The Government's Solution to FAFSA Chaos: Spend $50 Million More

Instead of throwing money at the problem, the Education Department should commit to fixing the form for next year.


Following persistent technical issues with this year's updated, streamlined Free Application for Federal Student Aid (FAFSA) form, the Education Department has announced a $50 million program to help more students complete the form—next year.

The chunk of funding is aimed at "expand[ing] the availability of advisers, counselors, and coaches to support students and contributors through the FAFSA applications," according to a Monday press release.

"We are determined to close the FAFSA completion gap," Deputy Secretary of Education Cindy Marten said. "The funding we're announcing today will support states, districts, and community-based groups [to] build capacity and leverage their power to ensure that every student who needs help paying for college turns in their FAFSA form."

FAFSA is required for any college students seeking federal grants or loans. Most colleges also use the form to determine how much institutional financial aid to offer students. In a typical year, over 15 million students and their families fill out the FAFSA form. But as of late April, successful applications are down 24 percent this year due to ubiquitous technical bugs in the updated form.

This year's issues stem from the Consolidated Appropriations Act of 2021, which mandated that the Education Department release a simplified version of the FAFSA form. The updated form was released in December—more than two months later than the typical release date. Almost immediately, the form was plagued with errors and bugs that made it nearly impossible to complete for many students.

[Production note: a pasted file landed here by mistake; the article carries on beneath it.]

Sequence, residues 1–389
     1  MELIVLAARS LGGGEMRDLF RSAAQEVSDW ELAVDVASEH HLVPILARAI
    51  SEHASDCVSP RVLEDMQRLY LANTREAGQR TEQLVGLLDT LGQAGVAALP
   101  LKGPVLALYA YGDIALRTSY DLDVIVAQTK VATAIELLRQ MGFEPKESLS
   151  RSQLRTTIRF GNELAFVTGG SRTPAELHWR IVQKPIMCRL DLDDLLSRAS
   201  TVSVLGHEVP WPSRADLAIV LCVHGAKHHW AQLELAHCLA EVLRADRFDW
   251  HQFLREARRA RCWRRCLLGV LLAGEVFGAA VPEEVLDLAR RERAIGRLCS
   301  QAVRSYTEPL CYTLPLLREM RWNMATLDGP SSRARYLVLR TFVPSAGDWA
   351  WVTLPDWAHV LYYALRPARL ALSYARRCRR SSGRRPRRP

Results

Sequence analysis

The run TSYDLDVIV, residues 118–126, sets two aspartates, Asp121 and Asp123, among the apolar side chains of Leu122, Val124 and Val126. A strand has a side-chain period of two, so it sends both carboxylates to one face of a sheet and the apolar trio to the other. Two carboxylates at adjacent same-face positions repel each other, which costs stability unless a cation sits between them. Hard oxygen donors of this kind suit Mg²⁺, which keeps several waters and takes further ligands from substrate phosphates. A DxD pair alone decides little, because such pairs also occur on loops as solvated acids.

FAFSA's own website details many of the issues with the form since its release. While most can be fixed with complicated "workarounds," some kept affected students from filling out the form for months. In March, the Education Department even announced that they had incorrectly calculated the completed forms of 200,000 students, leading to some possibly receiving more generous financial aid offers than they were actually eligible for.

Instead of publicly committing to solving these issues for next year's form, the Education Department is attempting to ameliorate its mistakes by throwing money at the problem. Why make a better FAFSA when you can pay people to shepherd students and their families through an infuriatingly complex process?

According to USA Today, the Education Department usually releases a draft version of next year's FAFSA in February or March, but that hasn't happened yet—hardly a good sign for next year's form.

While it's unclear whether students will have a smoother FAFSA experience next year, at least they can say they've gotten an apology. 

"I apologize to the students and families that have had to deal with delays," Secretary of Education Miguel Cardona said during a congressional hearing this week. "I know how frustrating that is."